I have a couple of memories from the time before we went on air.

I was born in Worcestershire so getting the job at Wyvern was like coming home. But in 1982 Wyvern must have been the only radio station in Britain with a gazebo and fish pond in the back garden and an extensive, manicured lawn out the front. The imposing building had been the HQ of the local education authority and now it was taking on a new life

The first problem was that once through the impressive front door, the rest of place was a frenetic building site, where workmen were battling against the clock to get the station ready for launch date. It was a listed building – so we immediately ran into problems with the planning people. At one time they even complained that our new windows were a couple of millimetres too wide.

I had to hit the ground running to find radio presenters, a news editor, and all the experts who’d be offering advice to listeners –  from the vet to the solicitor.

Just to make things a bit more difficult, our managing director had agreed to let ITV make a fly-on-the-wall documentary on the launching of a radio station. The camera crew had permission to film anything they wanted – even down to the sacking of one hapless young chap who was fired even before we went on air.

But eventually, we had a schedule. Training sessions for all staff went on while builders were working around them. The run-up to that first breakfast show in October 1982 was nerve-wracking: would everything work, was our music mix right for the area, what about competitions?

I had devised our first on-air competition. We had hidden a unique Royal Worcester plate, especially made for us,  at a secret location within the transmission area, with clues being given each day. It generated a big response – not all of it good. A pub landlord phoned and told us a treasure-seeker, convinced it was somewhere in his hostelry, had disturbed his wife in her bed..and several people angrily complained that their gardens were being dug up by complete strangers. It made headlines, though, and won us, listeners…

Great days, lots of fun, plenty of headaches…but that’s radio for you.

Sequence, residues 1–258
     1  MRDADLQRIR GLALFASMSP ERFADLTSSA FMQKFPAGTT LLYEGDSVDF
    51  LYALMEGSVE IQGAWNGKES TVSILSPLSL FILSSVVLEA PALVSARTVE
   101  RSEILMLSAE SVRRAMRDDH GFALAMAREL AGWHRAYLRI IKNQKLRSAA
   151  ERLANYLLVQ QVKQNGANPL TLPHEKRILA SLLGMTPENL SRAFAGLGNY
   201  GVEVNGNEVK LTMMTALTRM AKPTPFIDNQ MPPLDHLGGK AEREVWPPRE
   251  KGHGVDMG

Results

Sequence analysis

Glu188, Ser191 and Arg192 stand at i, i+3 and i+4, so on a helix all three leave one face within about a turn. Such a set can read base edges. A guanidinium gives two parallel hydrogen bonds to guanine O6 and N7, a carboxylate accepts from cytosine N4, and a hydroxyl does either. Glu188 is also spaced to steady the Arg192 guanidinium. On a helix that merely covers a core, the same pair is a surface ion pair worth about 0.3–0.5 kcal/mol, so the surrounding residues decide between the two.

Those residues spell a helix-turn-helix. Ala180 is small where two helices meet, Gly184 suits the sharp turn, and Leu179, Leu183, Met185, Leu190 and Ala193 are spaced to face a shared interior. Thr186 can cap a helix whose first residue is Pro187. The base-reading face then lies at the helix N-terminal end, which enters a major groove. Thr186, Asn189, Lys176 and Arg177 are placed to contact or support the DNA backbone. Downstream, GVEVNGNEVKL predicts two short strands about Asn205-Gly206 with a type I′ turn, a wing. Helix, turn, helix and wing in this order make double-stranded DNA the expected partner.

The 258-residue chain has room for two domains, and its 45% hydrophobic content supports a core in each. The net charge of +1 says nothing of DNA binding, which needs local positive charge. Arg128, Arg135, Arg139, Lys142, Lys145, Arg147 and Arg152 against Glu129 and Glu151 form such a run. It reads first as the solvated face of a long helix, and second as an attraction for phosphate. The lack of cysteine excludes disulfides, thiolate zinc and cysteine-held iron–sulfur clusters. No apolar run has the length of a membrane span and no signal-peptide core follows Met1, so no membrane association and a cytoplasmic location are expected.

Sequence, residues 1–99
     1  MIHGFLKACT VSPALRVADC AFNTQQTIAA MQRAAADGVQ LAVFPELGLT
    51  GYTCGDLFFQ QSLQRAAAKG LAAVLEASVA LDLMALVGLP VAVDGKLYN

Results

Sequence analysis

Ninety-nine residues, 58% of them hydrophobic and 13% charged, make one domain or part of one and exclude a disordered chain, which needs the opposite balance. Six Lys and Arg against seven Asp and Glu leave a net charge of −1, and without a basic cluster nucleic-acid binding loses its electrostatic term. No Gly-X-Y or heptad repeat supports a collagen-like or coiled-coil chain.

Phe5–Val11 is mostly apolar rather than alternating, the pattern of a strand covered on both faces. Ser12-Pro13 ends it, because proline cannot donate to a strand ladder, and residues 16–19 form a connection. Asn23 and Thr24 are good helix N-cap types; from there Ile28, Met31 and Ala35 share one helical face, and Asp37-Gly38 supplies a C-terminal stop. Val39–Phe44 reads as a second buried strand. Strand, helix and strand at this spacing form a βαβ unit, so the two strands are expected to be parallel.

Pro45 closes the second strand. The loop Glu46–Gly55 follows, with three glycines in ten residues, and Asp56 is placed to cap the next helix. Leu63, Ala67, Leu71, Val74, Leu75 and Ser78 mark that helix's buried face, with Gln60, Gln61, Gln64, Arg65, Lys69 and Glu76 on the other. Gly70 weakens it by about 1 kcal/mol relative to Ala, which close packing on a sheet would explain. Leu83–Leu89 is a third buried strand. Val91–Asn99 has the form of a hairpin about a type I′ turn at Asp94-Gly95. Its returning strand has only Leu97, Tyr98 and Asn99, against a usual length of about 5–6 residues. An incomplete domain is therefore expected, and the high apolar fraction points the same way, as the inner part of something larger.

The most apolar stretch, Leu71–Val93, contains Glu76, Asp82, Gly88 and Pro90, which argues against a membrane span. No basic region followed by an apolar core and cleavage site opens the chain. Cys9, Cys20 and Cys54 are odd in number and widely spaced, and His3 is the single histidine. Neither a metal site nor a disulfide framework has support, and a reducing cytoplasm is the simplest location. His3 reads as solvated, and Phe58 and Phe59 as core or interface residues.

Before Wyvern went on the air we discovered there was some strong opposition from local residents in the Barbourne area of Worcester. A rumour had gone round that we were going to have a massive mast on top of the Georgian building in Barbourne Terrace and the “radio signals” were going to turn their TV screens into blizzards of static. One lady even questioned whether her pet parrot would be affected. A delegation was sent round the area to assure everyone that the transmitter mast was some miles away – and there were no recorded incidents of parrots being in danger from the sounds of the 80s.

But the opposition continued after we’d gone on air. Local councillors were enraged when we announced in the press that we were producing a documentary feature to be called “Sex, Drugs and Rock ‘n’ Roll”. This was a serious look at how youngsters at two very different schools – the private fee-paying King’s in Worcester and a local comprehensive – viewed these three issues. Despite protests, the documentary was aired and well-received by our listeners. But opposition continued. One very senior councillor said he was disgusted. Asked if he’d actually listened to the feature, he replied “Of course not..I wouldn’t listen to something like that.” It’s worth noting that the producer Frazer Sheppard went on to become a senior television executive, producing many TV documentaries.

And not long after going on air, four of the Wyvern team found themselves in jail !

We were challenged by inmates at a jail in Gloucestershire to take on their debating team: the subject was “This house believes in the restoration of capital punishment”

As the prisoners couldn’t come to us, we went to them. Instead of the old lags we’d expected, we found their team was composed mainly of very skilled fraudsters, forgers, and other white collar criminals. So was the audience – because this was an open prison.

We chose to oppose the return of the death penalty. But the prisoners, to our surprise, were all for it.  We were heavily defeated as the audience voted almost unanimously to bring back the rope.